Commentary

Athletes go major distance to excel in their minor sport

How far will you go to be great in sport can be a literal question. Not a matter of philosophy but of mileage. At the Rio Olympics it was reported that a Mongolian swimmer travelled 450km to a river where his training companions were "big fishes". Local athletes have embarked on their own voyages in search of their best selves: Sailor Colin Cheng lives in Sydney and speed skater Lucas Ng is parking himself in Goyang, South Korea. Passion, they remind us, involves pilgrimage.

Singapore's cricket teams understand this well for they go to practice every week with their passports. Passion for them means driving to another country to train and play. They don't have an adequate field here, so they must travel to Johor in Malaysia. They are going the extra mile. Or in fact 43.

Welcome, cricketers, to struggle. You are not alone. Doesn't matter which nation you live in, if your sport lacks sufficient stature, if it doesn't have stars to sell it, then you will be friends with comparative neglect. You're probably the cousins of hockey players in Brazil and weightlifters in the Philippines, one of whom, Hidilyn Diaz, won silver in Rio despite starting out by pouring "cement into paint cans on either end of a wood (piece) to make the weights".

Athletes everywhere play different sports but compete for the same flag and yet are treated unevenly. It seems unfair, but then so is sport and life. Some of it is just practicality: In a small nation there are many sporting passions but only so much space. Always someone is left out.

Some sports are better funded, some have more arenas: Some of it is because of success, some is just the product of history. The Lions are ranked No. 162 yet football is deeply carved into the nation's past. That game is a major love, cricket is only a minor affection.

Eventually all sport must matter to a country because all dreams nurture a society and all enthusiasms build interest. It's not, after all, a monolithic sporting culture that nations must aspire to build but a mad, lovely, crowded mosaic.

No athlete elects for adversity, but sometimes it's just a substantial part of the package. An Australian Olympic judoka I know trains in the day and works nights at a bar. Probably serving drinks now and then to his much richer cricketing counterparts in his nation. But he chose a sport not because it was popular or lucrative but because he was taken by its particular craft and challenge.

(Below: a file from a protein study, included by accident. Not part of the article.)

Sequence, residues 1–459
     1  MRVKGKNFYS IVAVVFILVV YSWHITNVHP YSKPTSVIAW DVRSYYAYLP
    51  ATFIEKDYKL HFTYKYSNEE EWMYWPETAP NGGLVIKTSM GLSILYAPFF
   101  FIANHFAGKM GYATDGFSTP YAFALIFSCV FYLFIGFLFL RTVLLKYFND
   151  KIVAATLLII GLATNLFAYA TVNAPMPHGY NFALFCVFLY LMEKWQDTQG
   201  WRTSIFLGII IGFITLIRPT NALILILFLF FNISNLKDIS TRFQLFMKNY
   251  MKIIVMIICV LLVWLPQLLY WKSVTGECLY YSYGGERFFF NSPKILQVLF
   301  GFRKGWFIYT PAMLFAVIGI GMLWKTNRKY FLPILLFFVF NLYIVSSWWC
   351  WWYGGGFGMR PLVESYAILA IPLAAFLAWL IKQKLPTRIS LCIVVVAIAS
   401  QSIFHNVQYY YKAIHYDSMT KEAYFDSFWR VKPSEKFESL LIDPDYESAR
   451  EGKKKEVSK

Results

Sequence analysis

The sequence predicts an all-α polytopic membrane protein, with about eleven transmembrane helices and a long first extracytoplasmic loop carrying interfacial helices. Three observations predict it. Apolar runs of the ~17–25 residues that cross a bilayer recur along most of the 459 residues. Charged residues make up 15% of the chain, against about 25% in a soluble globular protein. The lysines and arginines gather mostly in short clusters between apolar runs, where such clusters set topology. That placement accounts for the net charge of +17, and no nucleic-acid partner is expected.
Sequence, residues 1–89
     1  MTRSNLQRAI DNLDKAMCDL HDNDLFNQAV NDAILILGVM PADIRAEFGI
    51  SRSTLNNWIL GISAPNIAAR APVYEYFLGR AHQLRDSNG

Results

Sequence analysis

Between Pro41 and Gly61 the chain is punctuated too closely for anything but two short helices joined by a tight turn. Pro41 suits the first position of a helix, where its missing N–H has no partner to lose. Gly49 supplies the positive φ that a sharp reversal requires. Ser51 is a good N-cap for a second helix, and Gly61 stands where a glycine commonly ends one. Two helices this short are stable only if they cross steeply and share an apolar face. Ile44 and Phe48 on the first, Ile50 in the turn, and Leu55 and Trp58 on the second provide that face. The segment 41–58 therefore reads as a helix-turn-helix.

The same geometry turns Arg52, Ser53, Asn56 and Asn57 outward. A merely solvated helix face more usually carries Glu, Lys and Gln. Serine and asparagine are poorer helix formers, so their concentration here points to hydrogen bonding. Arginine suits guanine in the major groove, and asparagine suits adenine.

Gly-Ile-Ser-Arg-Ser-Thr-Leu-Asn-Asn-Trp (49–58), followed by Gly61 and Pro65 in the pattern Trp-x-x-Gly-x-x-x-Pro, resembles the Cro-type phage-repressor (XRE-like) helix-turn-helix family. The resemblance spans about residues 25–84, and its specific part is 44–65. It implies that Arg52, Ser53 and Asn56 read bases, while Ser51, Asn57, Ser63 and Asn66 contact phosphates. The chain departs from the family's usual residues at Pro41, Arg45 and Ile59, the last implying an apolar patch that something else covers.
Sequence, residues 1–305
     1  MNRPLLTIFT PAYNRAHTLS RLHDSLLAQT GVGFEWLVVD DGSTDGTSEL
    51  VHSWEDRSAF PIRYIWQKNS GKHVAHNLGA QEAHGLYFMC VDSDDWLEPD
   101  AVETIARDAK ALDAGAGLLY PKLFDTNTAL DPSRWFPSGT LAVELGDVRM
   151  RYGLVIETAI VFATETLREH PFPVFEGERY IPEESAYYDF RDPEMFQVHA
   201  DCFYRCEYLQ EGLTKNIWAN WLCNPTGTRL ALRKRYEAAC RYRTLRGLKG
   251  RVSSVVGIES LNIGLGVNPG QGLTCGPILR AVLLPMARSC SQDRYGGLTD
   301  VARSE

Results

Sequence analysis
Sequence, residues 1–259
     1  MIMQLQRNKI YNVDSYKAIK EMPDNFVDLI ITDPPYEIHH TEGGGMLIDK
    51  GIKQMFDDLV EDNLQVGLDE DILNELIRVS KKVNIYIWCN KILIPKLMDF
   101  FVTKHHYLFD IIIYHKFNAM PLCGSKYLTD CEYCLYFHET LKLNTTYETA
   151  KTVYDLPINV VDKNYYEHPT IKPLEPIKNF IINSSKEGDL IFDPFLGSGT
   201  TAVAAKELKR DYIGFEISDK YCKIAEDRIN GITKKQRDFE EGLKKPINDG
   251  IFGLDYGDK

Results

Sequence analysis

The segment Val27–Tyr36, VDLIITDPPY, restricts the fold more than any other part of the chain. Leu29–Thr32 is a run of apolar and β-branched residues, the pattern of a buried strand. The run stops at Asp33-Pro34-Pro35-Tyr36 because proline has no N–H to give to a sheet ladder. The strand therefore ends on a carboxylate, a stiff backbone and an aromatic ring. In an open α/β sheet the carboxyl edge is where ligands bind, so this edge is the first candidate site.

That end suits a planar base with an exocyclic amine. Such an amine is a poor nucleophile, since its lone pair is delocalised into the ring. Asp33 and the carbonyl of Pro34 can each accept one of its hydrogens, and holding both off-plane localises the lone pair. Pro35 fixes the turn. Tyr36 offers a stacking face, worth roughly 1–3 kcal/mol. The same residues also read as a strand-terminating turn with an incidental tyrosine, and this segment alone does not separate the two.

And so some Singaporeans, despite inconveniences, become cricketers or rowers - which involve long bus rides to Pandan Reservoir - because those sports call them. This is about love, they remind us, not logic.

This labour of athletes from less-celebrated sports is as illuminating as it is inspiring. There is, for instance, a single Olympic-sized skating rink in Singapore. Since it is open to the public, skaters must arrive either very early (5-9am) or late (after 10pm) to find practice time. If the rink is under maintenance, they must sit at home. Yet still they skate.

This ability to shrug at struggle is worth respect. This perseverance of the skater, and cricketer, and rhythmic gymnast, and synchronised swimmer, who rarely earn newspaper inches, aren't easily recognised, don't earn major prize money and are always in search of better facilities, is to be admired.

And so perhaps the least we can do is not to snidely say "who gives a damn about cricket" or "who the hell watches floorball", because preference for one sport shouldn't morph into disdain for another. In everything, after all, there is craft. You can snigger at synchronised swimming but try producing skill when upside down in liquid. You may think diving isn't a rugged pursuit but that's because you haven't felt the impact of water from 33 feet (10m).

Eventually all sport must matter to a country because all dreams nurture a society and all enthusiasms build interest. It's not, after all, a monolithic sporting culture that nations must aspire to build but a mad, lovely, crowded mosaic.

The cricketers - whose game looks slow but unfolds like a detective novel - will keep travelling and playing and there is something to cherish in their zeal. It is hard to improve if you do not have a field and yet if you somehow improve perhaps you will find yourself a field.

A version of this article appeared in the print edition of The Sunday Times on December 18, 2016, with the headline 'Going the distance - to excel in their (minor) sport'. Print Edition | Subscribe